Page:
My favorite types of tea are flavored black, white, and green. I'm more particular about my greens though as I'm not a fan of the earthy tones. I prefer fun flavors like mango, almond biscotti, roasted chestnut, etc. I can do some simple oolong, but that earthy taste just does not soothe my palette. One tea blend my palette does not agree with is rooibos (pronounced roy-bus). I've tried different rooibos flavors, and its a miss for me 9 out of 10 times.
Down to the basics --
There are four basic steps:
Sometimes, you may re-steep if the leaves indicate this. I do not commonly practice this, but I find if I am going to re-steep, greens are the ones I usually try this with.
#1 rule -- Brew teas loose, not in a small tea ball or other confined space. This allows the leaves to open fully and release all of the flavor and healthful qualities.
Want to taste tea like a professional? Here are some tips:
First: Examine the dry leaf; Look for consistency in the leaf particle & size. Check for fresh aroma.
Then, Check the steeped aroma; Look for fresh bright scent, no stale or flat notes.
When sipping: Take note of the initial burst of flavor on your palate, is it strong, sweet, bitter, malty, earthy, fruity, peachy, roasty, or what? For best flavor make sure the liquid comes in contact with your entire palette: slurping, swishing, and swirling the liquid really does help.
Notice the flavor as you swallow: does it change, smooth out, is it silky? How is the texture of the tea as it sits on your tongue?
Note the flavor immediately after you swallow, this is the aftertaste: is it sweet, bitter, cleansing, astringent (i.e. makes your mouth pucker)?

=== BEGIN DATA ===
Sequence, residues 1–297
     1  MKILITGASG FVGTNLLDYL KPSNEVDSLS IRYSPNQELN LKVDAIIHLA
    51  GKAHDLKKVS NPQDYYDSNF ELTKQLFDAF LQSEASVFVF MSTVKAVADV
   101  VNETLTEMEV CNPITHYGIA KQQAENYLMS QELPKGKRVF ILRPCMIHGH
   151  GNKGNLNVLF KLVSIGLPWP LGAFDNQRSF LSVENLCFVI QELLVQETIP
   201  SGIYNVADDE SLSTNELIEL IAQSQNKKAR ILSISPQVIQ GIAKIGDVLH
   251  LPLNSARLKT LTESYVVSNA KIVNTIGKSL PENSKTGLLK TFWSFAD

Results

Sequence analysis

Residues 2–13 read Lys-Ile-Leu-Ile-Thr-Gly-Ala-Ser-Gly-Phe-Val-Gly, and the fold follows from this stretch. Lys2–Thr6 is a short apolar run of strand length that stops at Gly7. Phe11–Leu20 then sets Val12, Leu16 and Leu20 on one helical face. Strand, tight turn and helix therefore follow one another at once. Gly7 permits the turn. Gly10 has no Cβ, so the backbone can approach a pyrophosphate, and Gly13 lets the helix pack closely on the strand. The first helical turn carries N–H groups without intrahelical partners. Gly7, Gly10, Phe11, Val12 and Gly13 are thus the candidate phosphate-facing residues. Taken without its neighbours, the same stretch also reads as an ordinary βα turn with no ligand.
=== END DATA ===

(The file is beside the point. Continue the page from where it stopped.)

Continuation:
Note the flavor 10-30 seconds after you swallow: does it linger?
Now, take your time, and just enjoy the tea.
With the exception of pu’er tea, all other tea should be stored in an airtight vessel. It is best to have the storage container be no larger than the amount of tea stored. This prevents oxygen from depleting the flavor of the teas.
And because light (particularly fluorescent and sun light) over time can have a detrimental effect on the leaf, make sure the container is also light tight. “But what if I store my tea in clear Mason jars”, you ask? Simply place your jars in a dark cupboard or pantry.
Please do not keep your tea leaf in the refrigerator as over time, the moisture will damage your delightful tea.
It is important to mention that you keep your tea away from strong odors and smells. Storing your tea in the same cupboard next to your garlic and onions is asking for some strange tasting tea, indeed!
Pu’er tea needs air in order to continue maturing and that is why it is often wrapped in paper or bamboo leaf. We recommend storing your pu’er in ceramic, clay or cardboard boxes rather than out in the open and subject to drafts of cold or warm air.
Recap: Light tight, airtight (with the exception of pu’er tea), away from strong odors, and not too hot and not too humid.
(taken from http://shopmandalatea.com/tea-storage/)
Just released December 2016: "The Forgotten" volume 2 "Heir of the Heretic"
Reviewed and awarded the
2016 Indie Editor's Choice
by the Historical Novel Society.
Long listed for the Historical Novel Society 2017 Indie Award.
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